The next question comes from Juan Sanchez from Ladenburg.

Juan F. Sanchez - Ladenburg Thalmann & Co. Inc., Research Division

A couple of questions on IP, if you could remind us of the IP for 5619 and 5214 and whether or not the overactive bladder findings can help you on strengthening the IP for 5214. And the second question is whether or not the clinical findings in the depression program, when it comes to urinary retention, have been published somewhere?

Stephen A. Hill

Yes. So let me answer the second piece, then I'll maybe ask Alan Musso to give you some more specifics on the IP situation. We haven't published as such the data from the depression study with regards to the incidence of urinary tract infection and the retention of urine, simply because it's very difficult to publish it in a contextual way that's meaningful. And we've done our own internal analysis and we've convinced ourselves that when we look at that data, we see a dose-dependent increase at very modest levels, very low percentages, so low-single digit percentages of UTI and retention of urine that seem to be correlated with dose, but the numbers are just not big enough to give it statistical significance, but we thought it is a strong enough signal to support all of the preclinical work that justifies taking this compound as the clinic for overactive bladder. So we're reasonably comfortable that, that's a strong enough signal to add to the whole constellation of data that we have, making this relevant and we'll find out. The proof of the pudding is Phase IIb data. And Alan, can you answer the IP question?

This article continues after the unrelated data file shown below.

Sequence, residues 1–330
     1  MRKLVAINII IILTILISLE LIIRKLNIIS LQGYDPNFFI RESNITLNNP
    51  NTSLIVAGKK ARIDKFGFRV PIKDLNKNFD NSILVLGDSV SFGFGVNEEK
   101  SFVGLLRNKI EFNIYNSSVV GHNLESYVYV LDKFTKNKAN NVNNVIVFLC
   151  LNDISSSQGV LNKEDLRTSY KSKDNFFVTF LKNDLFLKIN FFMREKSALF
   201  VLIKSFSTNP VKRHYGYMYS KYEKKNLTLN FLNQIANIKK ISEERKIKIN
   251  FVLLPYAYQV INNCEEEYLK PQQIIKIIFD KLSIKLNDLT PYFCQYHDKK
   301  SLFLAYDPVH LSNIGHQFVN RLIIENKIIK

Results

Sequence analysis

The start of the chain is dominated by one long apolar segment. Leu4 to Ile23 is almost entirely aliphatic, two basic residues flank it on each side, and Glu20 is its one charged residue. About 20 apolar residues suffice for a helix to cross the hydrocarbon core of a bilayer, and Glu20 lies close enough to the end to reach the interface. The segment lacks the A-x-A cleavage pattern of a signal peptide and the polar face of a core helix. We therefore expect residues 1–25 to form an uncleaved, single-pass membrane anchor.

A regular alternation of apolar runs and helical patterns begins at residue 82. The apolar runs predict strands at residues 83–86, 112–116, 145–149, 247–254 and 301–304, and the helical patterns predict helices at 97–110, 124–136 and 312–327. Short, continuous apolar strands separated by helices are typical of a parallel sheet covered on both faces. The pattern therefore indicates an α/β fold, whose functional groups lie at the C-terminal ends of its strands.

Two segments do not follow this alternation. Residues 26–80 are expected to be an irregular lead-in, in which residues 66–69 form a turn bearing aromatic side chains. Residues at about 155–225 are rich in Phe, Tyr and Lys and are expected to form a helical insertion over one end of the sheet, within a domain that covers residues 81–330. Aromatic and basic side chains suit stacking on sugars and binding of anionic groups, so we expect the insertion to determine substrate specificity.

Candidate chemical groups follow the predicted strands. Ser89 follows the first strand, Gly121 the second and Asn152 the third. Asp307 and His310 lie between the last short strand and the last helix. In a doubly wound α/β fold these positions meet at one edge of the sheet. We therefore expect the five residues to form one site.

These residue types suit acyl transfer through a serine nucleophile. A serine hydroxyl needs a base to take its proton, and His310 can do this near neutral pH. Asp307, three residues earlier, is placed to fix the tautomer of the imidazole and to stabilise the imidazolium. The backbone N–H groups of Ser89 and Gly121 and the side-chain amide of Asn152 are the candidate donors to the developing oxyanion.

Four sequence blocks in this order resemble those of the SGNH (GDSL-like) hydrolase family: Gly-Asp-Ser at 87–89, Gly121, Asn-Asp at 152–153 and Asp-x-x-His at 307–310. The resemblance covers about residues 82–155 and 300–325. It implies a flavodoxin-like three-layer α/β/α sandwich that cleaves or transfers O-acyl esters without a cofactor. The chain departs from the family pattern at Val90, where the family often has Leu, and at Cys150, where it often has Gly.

Alan A. Musso

Sure. In the case of 5214, we have multiple patents that are issued, as well as some that are pending, basically looking towards the new indications for which we're pursuing, those haven't issued, but they've been filed and are being prosecuted, so the current patent situation on that is patents that -- natural life through 2020 with an expected 5 years beyond that with Hatch-Wax, and that would apply to 5214 as well as ability, if we file before September 30, 2017, to be granted NCE designation. And in the case of 5619, that's also a patent that States that applies one patent that we're quite excited about is a solved patented that extend into 2029 natural life that could be extended and we feel really good about the characteristics of that patent as being applicable for exclusivity.


[Operator Instructions] There are no further questions, so I would like to turn the call back over to Dr. Stephen Hill for closing remarks. Thank you, sir.

Stephen A. Hill

Thank you. So thank you, firstly, to all the employees of Targacept for another very important quarter in the progression of our company. And thank you to all of you in the audience for your interest in our progress, and hope you all have a great day. Thank you.


Thank you for your participation in today's conference. This concludes the presentation. You may now disconnect. Good day.